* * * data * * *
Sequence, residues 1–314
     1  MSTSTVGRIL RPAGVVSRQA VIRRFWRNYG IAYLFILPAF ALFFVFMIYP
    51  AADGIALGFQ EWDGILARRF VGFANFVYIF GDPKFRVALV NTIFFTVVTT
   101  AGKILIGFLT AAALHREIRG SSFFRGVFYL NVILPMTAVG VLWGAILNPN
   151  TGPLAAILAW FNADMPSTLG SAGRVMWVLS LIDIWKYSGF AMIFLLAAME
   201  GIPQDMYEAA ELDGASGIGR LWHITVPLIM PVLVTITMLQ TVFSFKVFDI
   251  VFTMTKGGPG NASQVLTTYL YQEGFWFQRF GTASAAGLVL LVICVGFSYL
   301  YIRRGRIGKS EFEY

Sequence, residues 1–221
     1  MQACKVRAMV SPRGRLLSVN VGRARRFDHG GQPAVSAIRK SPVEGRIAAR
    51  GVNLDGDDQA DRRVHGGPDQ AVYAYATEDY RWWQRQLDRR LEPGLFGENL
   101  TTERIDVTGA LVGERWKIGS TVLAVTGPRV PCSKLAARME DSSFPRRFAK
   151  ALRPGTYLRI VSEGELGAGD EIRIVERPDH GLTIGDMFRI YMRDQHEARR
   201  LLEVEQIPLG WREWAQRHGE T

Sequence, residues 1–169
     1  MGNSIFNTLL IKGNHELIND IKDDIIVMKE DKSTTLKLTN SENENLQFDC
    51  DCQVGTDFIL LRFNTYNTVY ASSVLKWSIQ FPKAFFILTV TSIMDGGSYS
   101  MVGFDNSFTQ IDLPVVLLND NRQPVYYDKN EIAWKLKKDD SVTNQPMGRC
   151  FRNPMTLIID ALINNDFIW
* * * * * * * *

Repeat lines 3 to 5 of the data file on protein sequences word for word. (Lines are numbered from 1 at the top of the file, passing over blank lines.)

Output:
    51  AADGIALGFQ EWDGILARRF VGFANFVYIF GDPKFRVALV NTIFFTVVTT
   101  AGKILIGFLT AAALHREIRG SSFFRGVFYL NVILPMTAVG VLWGAILNPN
   151  TGPLAAILAW FNADMPSTLG SAGRVMWVLS LIDIWKYSGF AMIFLLAAME